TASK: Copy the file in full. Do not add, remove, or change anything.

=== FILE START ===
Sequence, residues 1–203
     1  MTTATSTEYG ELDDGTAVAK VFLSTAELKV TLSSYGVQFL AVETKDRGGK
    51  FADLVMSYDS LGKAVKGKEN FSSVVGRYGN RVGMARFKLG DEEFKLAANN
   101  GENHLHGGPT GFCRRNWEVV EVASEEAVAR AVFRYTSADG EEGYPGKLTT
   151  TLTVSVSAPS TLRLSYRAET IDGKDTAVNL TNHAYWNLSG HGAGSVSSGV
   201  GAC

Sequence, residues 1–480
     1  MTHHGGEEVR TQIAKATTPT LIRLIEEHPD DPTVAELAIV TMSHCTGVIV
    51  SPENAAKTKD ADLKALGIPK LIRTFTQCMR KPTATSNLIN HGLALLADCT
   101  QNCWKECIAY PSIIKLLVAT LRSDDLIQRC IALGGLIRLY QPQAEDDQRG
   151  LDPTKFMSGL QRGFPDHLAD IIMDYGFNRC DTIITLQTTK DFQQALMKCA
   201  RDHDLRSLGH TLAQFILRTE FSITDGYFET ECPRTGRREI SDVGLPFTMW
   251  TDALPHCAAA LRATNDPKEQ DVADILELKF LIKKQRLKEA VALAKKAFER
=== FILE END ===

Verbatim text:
Sequence, residues 1–203
     1  MTTATSTEYG ELDDGTAVAK VFLSTAELKV TLSSYGVQFL AVETKDRGGK
    51  FADLVMSYDS LGKAVKGKEN FSSVVGRYGN RVGMARFKLG DEEFKLAANN
   101  GENHLHGGPT GFCRRNWEVV EVASEEAVAR AVFRYTSADG EEGYPGKLTT
   151  TLTVSVSAPS TLRLSYRAET IDGKDTAVNL TNHAYWNLSG HGAGSVSSGV
   201  GAC

Sequence, residues 1–480
     1  MTHHGGEEVR TQIAKATTPT LIRLIEEHPD DPTVAELAIV TMSHCTGVIV
    51  SPENAAKTKD ADLKALGIPK LIRTFTQCMR KPTATSNLIN HGLALLADCT
   101  QNCWKECIAY PSIIKLLVAT LRSDDLIQRC IALGGLIRLY QPQAEDDQRG
   151  LDPTKFMSGL QRGFPDHLAD IIMDYGFNRC DTIITLQTTK DFQQALMKCA
   201  RDHDLRSLGH TLAQFILRTE FSITDGYFET ECPRTGRREI SDVGLPFTMW
   251  TDALPHCAAA LRATNDPKEQ DVADILELKF LIKKQRLKEA VALAKKAFER